Similarly, Walmart announced that they would work with their retail workers for delivery. As always, in business, it’s important to consider every single asset and to leverage them into your advantage.
Keep in mind as you’re shipping your experiments that real people — visitors, buyers, and customers — will be seeing them and shopping. Make it easy for them to purchase. Trying an experimental product or a channel shouldn’t be any different from them purchasing at a more standard one.
While optimizing each channel is important for business performance, for the visitor it’s never been about the channel — it’s about the experience. James Nordstrom, President of Nordstrom Stores, says to Diginomica, “We don’t think the customer is loyal to channels. We don’t hear customers talk about channels very much. Customers value experiences, and so the more successful we’re at in creating a great shopping experience, no matter how they’re choosing to shop, I think the better our business will be. And so we’re talking about mobile and the things we’re doing there.”
As Nectarom highlights, “Nordstrom has made it possible to buy items from Instagram and find items based on Pinterest favorites. Instagram has been a modeling platform for retail items. However, a grievance shoppers have, is the inability to locate and buy the items presented on Nordstrom’s Instagram account. The retailer’s Instagram account now features a link which directs customers to Like2Buy, a platform that makes Instagram shopping easy. All of the items available for sale from the retailer’s feed are displayed as an elegant grid of photos. Shoppers can then scroll and “like” items, which are curated into a personal wishlist or shopping cart.”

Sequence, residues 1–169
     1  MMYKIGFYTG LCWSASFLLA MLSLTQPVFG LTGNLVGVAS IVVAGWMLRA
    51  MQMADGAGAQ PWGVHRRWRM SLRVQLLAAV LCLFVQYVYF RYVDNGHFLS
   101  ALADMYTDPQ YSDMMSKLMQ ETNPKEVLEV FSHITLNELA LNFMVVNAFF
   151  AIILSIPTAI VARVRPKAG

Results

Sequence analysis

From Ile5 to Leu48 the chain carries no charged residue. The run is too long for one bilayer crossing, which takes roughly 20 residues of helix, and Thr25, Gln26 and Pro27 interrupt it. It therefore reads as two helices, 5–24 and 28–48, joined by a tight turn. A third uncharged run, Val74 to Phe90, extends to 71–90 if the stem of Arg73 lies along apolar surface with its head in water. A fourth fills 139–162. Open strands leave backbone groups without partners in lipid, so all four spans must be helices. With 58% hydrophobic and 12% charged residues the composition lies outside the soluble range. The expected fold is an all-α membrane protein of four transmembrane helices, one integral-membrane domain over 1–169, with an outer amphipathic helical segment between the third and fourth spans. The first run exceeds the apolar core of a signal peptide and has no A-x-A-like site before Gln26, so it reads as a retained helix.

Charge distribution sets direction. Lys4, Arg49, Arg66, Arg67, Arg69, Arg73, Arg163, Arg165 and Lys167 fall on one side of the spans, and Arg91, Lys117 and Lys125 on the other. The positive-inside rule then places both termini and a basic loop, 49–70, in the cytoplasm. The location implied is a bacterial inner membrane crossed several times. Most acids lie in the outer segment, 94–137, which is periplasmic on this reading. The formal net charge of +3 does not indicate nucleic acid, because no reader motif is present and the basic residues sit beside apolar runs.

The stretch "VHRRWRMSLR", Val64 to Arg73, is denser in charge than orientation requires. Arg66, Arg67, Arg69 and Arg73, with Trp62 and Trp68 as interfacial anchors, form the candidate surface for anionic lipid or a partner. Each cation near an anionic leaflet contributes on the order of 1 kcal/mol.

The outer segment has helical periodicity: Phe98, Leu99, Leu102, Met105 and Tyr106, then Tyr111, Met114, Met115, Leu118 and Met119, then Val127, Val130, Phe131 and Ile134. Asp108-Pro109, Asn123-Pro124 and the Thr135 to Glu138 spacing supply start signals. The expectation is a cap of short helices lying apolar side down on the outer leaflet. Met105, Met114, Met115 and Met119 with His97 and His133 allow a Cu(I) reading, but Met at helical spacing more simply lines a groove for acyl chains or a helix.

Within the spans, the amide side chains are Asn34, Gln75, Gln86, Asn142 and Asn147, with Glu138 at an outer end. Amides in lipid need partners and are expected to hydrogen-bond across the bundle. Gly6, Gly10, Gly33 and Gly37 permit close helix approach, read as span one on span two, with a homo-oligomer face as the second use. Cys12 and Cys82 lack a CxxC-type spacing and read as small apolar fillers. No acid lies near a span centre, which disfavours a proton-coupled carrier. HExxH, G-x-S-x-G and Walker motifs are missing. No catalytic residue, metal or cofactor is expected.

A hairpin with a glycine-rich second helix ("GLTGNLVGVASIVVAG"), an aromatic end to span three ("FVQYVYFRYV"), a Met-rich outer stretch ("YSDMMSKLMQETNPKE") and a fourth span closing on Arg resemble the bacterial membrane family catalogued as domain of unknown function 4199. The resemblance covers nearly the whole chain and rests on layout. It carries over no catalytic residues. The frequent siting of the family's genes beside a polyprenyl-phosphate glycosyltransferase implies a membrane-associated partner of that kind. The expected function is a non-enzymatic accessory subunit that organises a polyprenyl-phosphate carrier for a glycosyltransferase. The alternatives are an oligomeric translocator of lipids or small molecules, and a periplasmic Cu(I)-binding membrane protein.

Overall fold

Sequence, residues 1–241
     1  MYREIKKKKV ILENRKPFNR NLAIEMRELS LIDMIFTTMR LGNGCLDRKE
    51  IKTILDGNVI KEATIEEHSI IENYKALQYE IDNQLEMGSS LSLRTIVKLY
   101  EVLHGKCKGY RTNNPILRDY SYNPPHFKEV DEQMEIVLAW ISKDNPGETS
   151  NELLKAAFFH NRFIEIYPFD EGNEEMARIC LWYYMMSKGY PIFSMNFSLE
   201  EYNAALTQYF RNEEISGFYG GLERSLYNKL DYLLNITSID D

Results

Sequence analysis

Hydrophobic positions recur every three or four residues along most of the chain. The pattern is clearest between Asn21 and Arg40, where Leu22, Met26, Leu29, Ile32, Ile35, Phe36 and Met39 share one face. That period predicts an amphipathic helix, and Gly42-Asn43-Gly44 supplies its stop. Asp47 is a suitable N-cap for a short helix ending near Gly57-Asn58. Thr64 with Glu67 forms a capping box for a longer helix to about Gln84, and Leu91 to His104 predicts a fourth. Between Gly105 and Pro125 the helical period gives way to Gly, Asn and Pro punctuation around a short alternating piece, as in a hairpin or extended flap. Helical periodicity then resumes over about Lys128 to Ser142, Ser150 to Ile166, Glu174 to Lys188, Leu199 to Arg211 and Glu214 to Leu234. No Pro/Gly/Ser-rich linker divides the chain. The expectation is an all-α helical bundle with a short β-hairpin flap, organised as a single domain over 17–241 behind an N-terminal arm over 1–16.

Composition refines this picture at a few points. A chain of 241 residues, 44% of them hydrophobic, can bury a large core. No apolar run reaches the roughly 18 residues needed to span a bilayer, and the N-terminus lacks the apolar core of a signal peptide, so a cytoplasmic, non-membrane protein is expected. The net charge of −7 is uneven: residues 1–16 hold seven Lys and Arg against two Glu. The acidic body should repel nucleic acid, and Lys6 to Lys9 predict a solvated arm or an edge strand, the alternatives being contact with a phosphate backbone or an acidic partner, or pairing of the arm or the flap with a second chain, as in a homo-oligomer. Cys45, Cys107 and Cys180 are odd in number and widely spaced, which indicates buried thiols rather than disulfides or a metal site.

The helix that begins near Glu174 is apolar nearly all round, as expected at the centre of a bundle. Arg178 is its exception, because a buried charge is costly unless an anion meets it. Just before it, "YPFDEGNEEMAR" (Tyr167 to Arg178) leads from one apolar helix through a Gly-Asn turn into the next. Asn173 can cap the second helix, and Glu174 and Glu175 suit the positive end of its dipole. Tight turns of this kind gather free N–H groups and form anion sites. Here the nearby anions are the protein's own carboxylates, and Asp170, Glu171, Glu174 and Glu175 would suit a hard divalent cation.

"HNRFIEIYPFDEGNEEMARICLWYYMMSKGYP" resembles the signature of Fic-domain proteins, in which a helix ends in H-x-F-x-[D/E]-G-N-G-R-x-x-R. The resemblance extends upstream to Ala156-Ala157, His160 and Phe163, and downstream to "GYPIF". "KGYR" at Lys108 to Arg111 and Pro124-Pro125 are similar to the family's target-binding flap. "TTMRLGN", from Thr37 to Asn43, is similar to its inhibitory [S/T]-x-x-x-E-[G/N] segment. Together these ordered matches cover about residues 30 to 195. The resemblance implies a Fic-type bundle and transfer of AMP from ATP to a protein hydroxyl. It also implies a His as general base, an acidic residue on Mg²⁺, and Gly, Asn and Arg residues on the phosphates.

This type of omni-channel ordering is made possible by a strong backbone. The Wall Street Journal reports that Nordstrom spent millions of dollars the company invested in technology in recent years has gone toward tools that would help manage inventory. Investing in your product product information management (PIM) not only loosens up cashflow, but also reduces costs and gets products out the door faster, improving business performance.
Image via GigaOM
And of course, not to be forgotten is Nordstrom’s display experiment in 2013, in which they organized their store by displaying products according to popularity on Pinterest.
Visitors might treat every channel as one experience — but they sure don’t behave the same way in each one. So while you must make them fit into one cohesive whole for the visitors, you also have to make sure you understand each one’s function.
For example, do people webroom or showroom more for your business? Which channels generate awareness, which ones influence purchases, and which ones do people actually buy upon? What about at peak buying season?